Cacao or Cocoa (Theobroma cacao):

No holiday season is complete without chocolate, and we have the cacao tree (family Malvaceae) to thank for this popular ingredient. Carl Linnaeus must have really liked chocolate, for he named the genus Theobroma, meaning “food of the gods” in Greek. The plant creates large yellow fruit that contain pulp and “beans” or seeds. In a year, most cacao trees will produce at least 70 pods containing over 2,000 beans in all! During the harvesting process, the thick pulp and seeds are removed from the rind of the fruit, piled together, and allowed to ferment until the pulp liquefies and is drained away. The liquid is often fermented further to produce an alcoholic beverage, while the remaining seeds are collected and taken to a drying facility where they are further fermented and dried. The dried seeds are then bagged and shipped overseas to a plant where they are roasted, de-shelled, and processed into cocoa, the primary ingredient of chocolate. Though now widely cultivated in the tropics, the cacao plant originated in the Amazon basin, and may have been first cultivated in lowland Peru and Ecuador before being spread into Mesoamerica, where it was adopted as currency as well as food by the Maya, Olmec, and Aztec. The plant and its “divine” fruit was first encountered by European explorers in the 16th century, during the Spanish Conquest. The rest is history. You can see these unique yellow pods within the Tropical Conservatory at Selby Gardens.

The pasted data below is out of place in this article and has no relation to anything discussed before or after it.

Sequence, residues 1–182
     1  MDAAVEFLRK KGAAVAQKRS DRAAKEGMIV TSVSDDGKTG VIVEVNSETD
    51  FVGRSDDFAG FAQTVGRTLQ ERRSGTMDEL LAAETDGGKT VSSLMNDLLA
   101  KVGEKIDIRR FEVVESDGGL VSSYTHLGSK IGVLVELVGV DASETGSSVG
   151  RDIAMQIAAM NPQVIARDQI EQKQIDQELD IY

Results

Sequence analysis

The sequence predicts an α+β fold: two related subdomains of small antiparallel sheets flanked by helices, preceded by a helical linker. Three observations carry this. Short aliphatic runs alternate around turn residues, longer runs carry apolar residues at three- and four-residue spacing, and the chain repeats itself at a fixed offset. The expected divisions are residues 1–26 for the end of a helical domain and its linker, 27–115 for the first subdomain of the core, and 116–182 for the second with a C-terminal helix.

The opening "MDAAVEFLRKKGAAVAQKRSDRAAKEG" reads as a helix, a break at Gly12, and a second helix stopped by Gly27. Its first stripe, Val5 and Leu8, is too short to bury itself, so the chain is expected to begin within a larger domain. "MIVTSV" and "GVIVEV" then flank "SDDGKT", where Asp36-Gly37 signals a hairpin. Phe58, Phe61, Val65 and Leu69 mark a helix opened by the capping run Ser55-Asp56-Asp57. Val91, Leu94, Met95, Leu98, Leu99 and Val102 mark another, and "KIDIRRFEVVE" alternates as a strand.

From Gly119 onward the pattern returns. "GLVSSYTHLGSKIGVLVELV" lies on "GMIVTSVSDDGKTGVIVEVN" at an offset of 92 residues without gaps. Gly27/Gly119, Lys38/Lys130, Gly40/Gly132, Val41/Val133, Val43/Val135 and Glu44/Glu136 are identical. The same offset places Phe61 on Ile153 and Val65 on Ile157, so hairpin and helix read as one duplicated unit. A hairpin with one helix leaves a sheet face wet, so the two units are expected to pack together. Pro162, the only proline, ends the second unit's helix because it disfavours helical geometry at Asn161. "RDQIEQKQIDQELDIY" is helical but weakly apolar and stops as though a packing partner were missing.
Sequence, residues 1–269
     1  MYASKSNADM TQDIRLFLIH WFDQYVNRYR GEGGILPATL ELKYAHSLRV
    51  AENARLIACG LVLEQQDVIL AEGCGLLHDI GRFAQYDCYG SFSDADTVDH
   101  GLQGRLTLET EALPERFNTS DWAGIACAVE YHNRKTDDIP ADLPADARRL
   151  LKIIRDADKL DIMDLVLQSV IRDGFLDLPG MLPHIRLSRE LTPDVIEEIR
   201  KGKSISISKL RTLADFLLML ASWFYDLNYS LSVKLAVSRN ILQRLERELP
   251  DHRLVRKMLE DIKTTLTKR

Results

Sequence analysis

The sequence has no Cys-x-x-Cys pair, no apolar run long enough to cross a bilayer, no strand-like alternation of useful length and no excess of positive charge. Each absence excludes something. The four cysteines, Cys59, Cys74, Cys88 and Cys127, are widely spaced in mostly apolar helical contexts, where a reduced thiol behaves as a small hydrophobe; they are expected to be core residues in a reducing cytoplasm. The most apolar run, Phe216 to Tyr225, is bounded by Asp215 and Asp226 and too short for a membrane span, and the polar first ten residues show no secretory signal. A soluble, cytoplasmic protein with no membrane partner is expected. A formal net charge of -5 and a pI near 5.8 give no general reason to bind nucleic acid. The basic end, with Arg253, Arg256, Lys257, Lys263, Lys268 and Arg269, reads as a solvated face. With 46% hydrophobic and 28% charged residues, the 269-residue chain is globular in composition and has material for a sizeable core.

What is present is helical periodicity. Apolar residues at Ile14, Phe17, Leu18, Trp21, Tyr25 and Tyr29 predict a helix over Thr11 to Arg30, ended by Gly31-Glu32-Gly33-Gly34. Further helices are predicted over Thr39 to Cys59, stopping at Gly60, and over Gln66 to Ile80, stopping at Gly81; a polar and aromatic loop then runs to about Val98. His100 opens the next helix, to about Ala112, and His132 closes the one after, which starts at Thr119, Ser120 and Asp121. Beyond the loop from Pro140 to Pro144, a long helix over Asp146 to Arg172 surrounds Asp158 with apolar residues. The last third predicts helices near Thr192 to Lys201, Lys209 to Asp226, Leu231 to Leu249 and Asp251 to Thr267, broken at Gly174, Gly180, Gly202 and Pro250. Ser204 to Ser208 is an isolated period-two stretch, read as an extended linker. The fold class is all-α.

Cacao tree in bloom and fruit at the Tropical Conservatory at MSBG’s Downtown Sarasota campus; a close-up of the ripe fruit (left); and a single cacao flower (right). (Photos by Phil Nelson)

Let’s Get Baking!

Put all of these tasty ingredients together in this King Arthur Baking Company recipe for Chocolate Ginger Bread Cookies!


Please Note: Although we mention the locations of these edible plants at Marie Selby Botanical Gardens, we ask that you do not take or disturb any of the plants that are on Selby Gardens. The plants that grow and are on display at Selby Gardens are part of our living plant collection and are used for educational purposes. Please keep these plants where they are so other guests can enjoy them too. 



Christel Brunschwig, François-Xavier Collard, Sandra Lepers- Andrzejewski and Phila Raharivelomanana (2017). Tahitian Vanilla (Vanilla ×tahitensis): A Vanilla Species with Unique Features, Active Ingredients from Aromatic and Medicinal Plants, Hany A. El-Shemy, IntechOpen, DOI: 10.5772/66621. Available from:

FAO Global Statistical Yearbook (2019). “Crops, Vanilla”.  Retrieved 17 December 2020.